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How you can help your child at home

″Create a shopping list together, shop together, ask your child to find certain items, put them away together.

″Involve your child in things that lead to organizing, following directions, determining reasons, sequencing AND ask your child to retell what you asked to be done

″Select books together and before reading to your child, have your child predict the story by just looking through all the pictures and then tell you his/her story; read the story and compare and contrast

″Create a family calendar together of events for the week or for the month

″Following recipes or steps to a craft project can improve sequencing and language comprehension skills. Having your child teach a parent or sibling a recipe, rules to a game or steps to a craft project can aid in expressive language skills and sequencing.

″Games such as "Guess Who" and "20 Questions" aid in verbal reasoning and provide practice in asking appropriate questions. "20 Questions" also challenge auditory memory skills.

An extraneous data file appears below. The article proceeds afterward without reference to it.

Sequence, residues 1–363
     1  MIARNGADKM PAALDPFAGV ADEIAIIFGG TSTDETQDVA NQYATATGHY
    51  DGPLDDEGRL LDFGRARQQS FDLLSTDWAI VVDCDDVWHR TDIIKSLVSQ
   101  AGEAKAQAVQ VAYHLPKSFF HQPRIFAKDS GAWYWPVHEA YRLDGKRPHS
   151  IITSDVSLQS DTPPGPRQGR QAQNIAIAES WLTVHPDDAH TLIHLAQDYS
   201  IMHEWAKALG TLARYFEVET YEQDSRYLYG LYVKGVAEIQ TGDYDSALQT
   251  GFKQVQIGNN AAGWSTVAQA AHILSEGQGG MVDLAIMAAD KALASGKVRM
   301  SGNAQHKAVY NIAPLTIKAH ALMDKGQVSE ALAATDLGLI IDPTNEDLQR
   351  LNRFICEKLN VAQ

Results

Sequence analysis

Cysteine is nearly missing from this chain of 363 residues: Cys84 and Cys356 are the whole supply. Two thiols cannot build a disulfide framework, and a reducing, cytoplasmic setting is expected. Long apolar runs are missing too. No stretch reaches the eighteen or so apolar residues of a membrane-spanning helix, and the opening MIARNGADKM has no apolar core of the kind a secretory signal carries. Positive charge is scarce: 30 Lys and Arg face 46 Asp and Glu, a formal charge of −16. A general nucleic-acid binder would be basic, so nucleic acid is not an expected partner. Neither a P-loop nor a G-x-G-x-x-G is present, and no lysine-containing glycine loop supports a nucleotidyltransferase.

″Board games such as "Outburst Junior," "Tri-Bond," "Scattergories," and "Twenty-Five Words or Less," help increase vocabulary, understanding of categories and word retrieval skills.

″Choose books of interest to read to your child and each page or paragraph (depending on the age of your child) ask comprehension questions, such as who, what, when, where, why, and how. If they have difficulty with answers teach them by modeling what a "where" answer sounds like; add information to your child's answers.

″Play categorization games with your child, ex. Name as many animals, sports, colors, etc. (in one minute) as you can. For a more advanced twist to the game, give them a letter; their list may only contain items that start with that letter. Teach your child what to do and say if they don't know an answer. Start by asking them what they do know if they answer, "I don't know."

″Play same/different games with your child. State two items, ex. popsicle and ice cream cone, ask how the two items are the same and different.

″Practice sequencing with your child. A couple of different ways: cut out cartoons after you read them to your child and have your child put them in the correct order and tell the story; ask them to re-tell a story, encourage them to use terms such as, first, second, third, and then, next, last; use a real life situation such as, "tell me how to make a peanut butter and jelly sandwich."

HAVE FUN!!